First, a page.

Thursday, July 12, 2007

Reading information studies: Planetary Management

Folks following this weblog might want to check out another UW-Madison SLIS effort, "Reading Information Studies," where next Friday July 20 on the Terrace at 3pm we'll be discussing Fernando Elichirigoity's book Planetary Management: Limits to growth, computer simulation, and the emergence of global spaces.

Friday July 20 3pm: Fernando Elichirigoity, Planet Management: Limits to Growth, Computer Simulation, and the Emergence of Global Spaces (Northwestern University Press, 1999). [paper: $28]

Planet Management is a study of, and contribution to, the history of "globality"--the emergence of a complex organization of politics, economics, and culture at a planetary rather than a national level. Drawing on historical archival research as well as recent theoretical work in science studies and critical theory, the book tell the story of the central role of technoscientific discourses and practices in the emergence of globality.

New blog title

You'll notice I've changed the title of our blog to "Libraries, information, and sustainability." Mostly this was because the earlier title was a mess and and this one is more memorable. But I think this topic has resonance outside of UW-Madison SLIS and I wanted a title that would be more welcoming to faculty, staff, students, and other professionals from the wider UW community (and beyond).

Friday, July 6, 2007

Is Harry Potter green?

Only two weeks to the release of the last Harry Potter book. (Full disclosure: I'll be buying one and reading it non-stop the day it's released.) But with all those books printed and shipped to all those bookstores around the world, should we be considering the environmental impact as well as the educational and entertainment value of the event? Over at the Britannica Blog, a posting asks How green is this Harry Potter?

In March Scholastic announced its plans for what it called “a historic commitment” to the environment. For its first print run, Scholastic said, 12 million copies of The Deathly Hallows would use paper with “a minimum of 30% post-consumer waste (pcw) fiber.” In addition,

65% of the 16,700 tons of paper used in the U.S. first printing will be certified by the Forest Stewardship Council (FSC), the global standard-setter for responsible forest management.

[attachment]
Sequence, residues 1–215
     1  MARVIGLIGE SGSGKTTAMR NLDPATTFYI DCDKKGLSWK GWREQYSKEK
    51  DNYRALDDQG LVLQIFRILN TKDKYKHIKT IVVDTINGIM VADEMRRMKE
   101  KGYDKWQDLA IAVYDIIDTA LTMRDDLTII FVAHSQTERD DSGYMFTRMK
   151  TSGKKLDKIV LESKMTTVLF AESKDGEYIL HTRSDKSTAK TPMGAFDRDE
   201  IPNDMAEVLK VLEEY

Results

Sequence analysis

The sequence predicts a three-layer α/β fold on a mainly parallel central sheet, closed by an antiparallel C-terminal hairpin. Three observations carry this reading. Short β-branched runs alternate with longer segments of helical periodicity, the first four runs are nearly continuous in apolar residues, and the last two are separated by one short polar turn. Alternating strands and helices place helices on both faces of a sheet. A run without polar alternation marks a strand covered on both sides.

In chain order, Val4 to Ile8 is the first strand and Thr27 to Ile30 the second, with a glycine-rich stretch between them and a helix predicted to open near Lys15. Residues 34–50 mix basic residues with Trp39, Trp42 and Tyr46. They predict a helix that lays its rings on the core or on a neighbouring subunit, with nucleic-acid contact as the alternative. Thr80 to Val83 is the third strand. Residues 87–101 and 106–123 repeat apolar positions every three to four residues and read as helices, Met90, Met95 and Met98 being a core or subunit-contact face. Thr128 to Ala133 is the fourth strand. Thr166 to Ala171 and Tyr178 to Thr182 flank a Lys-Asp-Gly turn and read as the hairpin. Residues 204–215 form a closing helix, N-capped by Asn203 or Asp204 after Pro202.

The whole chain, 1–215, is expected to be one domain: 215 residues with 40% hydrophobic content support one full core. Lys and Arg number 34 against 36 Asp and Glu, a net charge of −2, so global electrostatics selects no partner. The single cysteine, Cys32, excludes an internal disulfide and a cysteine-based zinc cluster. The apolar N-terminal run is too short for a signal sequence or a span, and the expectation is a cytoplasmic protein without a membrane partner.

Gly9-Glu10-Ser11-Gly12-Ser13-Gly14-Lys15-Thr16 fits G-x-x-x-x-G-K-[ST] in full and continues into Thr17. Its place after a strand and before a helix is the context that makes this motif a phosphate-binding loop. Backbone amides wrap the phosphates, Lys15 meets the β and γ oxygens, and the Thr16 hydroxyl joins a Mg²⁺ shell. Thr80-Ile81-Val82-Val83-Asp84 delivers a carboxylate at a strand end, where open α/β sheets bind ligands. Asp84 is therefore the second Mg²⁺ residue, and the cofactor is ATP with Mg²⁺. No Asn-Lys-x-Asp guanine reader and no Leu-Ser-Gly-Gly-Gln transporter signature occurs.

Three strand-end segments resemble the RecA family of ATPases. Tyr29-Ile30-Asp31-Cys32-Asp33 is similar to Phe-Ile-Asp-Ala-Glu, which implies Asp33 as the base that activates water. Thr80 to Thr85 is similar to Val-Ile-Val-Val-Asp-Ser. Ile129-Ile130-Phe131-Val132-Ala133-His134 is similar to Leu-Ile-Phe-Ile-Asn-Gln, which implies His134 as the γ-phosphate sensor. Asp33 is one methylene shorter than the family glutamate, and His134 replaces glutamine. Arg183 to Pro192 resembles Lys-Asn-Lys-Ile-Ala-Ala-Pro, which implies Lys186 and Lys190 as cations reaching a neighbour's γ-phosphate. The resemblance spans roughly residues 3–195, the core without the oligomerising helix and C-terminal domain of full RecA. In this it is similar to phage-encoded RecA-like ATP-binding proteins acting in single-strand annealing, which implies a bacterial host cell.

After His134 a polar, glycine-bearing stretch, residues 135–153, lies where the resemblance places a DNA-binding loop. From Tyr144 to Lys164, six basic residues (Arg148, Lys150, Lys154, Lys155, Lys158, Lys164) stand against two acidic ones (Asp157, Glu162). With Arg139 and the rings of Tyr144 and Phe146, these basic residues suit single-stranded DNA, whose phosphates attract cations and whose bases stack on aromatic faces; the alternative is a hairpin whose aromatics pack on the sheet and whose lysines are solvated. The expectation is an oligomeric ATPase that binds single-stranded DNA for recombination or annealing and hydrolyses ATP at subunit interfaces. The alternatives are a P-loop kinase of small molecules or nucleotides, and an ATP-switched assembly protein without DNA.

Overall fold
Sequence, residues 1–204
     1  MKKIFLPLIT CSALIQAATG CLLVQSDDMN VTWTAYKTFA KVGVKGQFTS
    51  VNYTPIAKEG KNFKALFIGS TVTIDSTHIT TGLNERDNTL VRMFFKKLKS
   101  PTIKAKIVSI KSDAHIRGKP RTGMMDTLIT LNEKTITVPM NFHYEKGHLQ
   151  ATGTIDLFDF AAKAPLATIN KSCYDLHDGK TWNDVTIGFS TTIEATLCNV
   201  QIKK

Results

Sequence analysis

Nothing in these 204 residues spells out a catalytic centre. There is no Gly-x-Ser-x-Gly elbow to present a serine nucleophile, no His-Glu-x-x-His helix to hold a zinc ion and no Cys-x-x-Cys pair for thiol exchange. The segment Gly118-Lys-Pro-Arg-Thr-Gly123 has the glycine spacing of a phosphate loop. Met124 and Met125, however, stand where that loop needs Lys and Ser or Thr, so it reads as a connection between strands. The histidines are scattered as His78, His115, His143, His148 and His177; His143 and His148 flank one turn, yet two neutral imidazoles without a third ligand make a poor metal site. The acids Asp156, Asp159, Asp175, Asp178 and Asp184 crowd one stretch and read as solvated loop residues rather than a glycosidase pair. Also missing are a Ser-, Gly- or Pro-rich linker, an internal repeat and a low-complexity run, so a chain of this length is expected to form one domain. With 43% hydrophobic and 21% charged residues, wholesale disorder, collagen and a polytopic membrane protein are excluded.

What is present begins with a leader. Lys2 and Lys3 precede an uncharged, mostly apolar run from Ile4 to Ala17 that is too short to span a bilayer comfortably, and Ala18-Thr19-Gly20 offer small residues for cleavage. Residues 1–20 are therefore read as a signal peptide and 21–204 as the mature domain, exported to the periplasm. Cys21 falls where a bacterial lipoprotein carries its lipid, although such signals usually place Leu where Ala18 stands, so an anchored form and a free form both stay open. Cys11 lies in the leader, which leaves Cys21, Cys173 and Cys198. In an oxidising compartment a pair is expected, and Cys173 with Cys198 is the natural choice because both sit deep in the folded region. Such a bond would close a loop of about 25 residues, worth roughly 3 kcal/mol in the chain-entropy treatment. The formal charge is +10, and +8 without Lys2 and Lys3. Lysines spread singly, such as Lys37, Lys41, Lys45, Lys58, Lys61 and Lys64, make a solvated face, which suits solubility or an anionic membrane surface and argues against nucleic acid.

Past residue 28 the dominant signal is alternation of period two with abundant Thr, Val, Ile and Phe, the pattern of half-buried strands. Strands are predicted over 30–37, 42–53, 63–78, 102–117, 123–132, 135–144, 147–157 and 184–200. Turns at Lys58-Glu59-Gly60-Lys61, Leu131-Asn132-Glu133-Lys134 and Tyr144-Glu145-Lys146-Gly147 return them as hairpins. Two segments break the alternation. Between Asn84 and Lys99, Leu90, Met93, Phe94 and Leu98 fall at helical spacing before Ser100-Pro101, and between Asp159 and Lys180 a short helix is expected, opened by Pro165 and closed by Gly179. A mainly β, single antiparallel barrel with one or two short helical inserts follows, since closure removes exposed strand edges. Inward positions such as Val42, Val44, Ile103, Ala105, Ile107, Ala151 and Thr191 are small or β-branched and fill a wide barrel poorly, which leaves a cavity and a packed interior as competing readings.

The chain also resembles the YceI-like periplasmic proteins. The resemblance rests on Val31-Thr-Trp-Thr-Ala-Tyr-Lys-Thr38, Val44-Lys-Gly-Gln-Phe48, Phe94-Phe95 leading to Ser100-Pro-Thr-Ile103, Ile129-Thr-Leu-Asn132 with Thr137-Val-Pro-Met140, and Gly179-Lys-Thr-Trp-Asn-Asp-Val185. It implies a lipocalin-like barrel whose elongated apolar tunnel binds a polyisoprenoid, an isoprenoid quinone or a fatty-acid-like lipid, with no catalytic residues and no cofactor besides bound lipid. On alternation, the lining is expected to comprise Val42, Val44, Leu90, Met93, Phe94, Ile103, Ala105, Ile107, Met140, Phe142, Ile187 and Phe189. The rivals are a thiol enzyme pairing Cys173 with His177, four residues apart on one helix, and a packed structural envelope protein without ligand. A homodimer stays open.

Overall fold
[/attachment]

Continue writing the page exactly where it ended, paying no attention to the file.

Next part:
Scholastic also announced that it would produce 100,000 copies of a “deluxe edition” that would use 100 percent pcw fiber for its 784 pages of text and FSC-certified paper for its jacket.

As a large collective of institutional purchasers, I wonder what leverage libraries might have in convincing publishers to increase the use of recycled material in their products.

Monday, July 2, 2007

Eco-Librarians Continuing Ed Course

When this sustainability discussion started, I wanted to be proactive about the effort. CES hosted a library design conference in April which featured Wisconsin's first LEED (Leadership in Energy and Environmental Design) library built in nearby Cross Plains. The library's director, Pam Bosben, has expanded on the LEED ideals by providing environmental-based programming for all ages, encouraging staff to reduce consumption, and working with local green organizations to establish the library as a community leader of sustainability. She's fabulous and it makes absolute sense for her to share her philosophies and actions with the broader library world.

I contacted her about developing an online, non-credit course about how to make libraries greener and she enthusiastically accepted. The course is set to be offered during Spring 2008. In my perusing of continuing ed courses, I have not come across anything similar. It's exciting to be able to offer such a unique and undoubtedly important class from SLIS! Spread the news! Publicity about the course will be distributed this Fall.